• where the applicant, properly advised, should have known that it had no chance of success
  • where the moving party persisted in what should, on proper consideration, have been seen to be a hopeless case
  • where the applicant’s case was always clearly foredoomed to fail and it ought to have known this to be so
  • where an application is wholly untenable and misconceived
  • where an applicant persisted in prosecuting a proceeding without regard to the evidentiary difficulties in the case
  • where an applicant unreasonably rejected an offer or compromise that it failed to improve upon in litigation.

It can be inferred from these circumstances that the deficiencies in the losing party’s case must be sufficiently manifest and clear such that it can be inferred that the losing party would or should have appreciated them at the time proceedings were commenced or continued, at least if it had given proper consideration to, or had been properly advised about, the merits of its case. Thus, in assessing whether a case can be said to “have no chance of success”, or to be “hopeless” or “foredoomed to fail”, it is not sufficient for the successful party to argue that the losing party’s case was simply weak or tenuous as the court must have regard to the following:[3]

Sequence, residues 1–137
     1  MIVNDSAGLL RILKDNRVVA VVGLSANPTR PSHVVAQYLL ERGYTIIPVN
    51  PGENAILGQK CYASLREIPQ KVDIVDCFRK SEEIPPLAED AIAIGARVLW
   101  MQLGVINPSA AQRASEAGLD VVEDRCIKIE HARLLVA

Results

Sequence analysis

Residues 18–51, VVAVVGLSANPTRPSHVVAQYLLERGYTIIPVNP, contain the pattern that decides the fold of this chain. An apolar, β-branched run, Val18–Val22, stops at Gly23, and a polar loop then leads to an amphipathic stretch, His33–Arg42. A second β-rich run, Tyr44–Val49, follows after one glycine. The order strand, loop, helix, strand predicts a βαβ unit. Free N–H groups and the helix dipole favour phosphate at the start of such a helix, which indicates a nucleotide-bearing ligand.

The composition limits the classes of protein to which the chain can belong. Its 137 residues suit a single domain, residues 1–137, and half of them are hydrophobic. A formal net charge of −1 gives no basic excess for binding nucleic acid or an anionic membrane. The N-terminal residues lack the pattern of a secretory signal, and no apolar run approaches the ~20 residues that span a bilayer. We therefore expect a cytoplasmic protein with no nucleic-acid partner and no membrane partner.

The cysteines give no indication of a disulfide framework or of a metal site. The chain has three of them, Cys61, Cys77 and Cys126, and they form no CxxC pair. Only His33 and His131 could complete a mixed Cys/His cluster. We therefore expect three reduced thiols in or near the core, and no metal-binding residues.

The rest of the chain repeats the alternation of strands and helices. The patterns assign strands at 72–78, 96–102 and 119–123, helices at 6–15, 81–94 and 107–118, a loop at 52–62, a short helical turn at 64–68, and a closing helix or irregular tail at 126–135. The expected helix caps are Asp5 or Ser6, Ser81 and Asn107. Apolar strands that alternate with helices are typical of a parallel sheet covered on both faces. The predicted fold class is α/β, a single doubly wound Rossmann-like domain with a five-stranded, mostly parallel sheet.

• access to the courts is not to be discouraged
  • the court would not wish to discourage a party from discontinuing a weak case that is getting worse, merely for fear of incurring indemnity costs for doing so
  • if a weak or tenuous case fails, the usual order for costs is seen as sufficient compensation for the successful party;
  • experience shows that apparently weak cases can sometimes succeed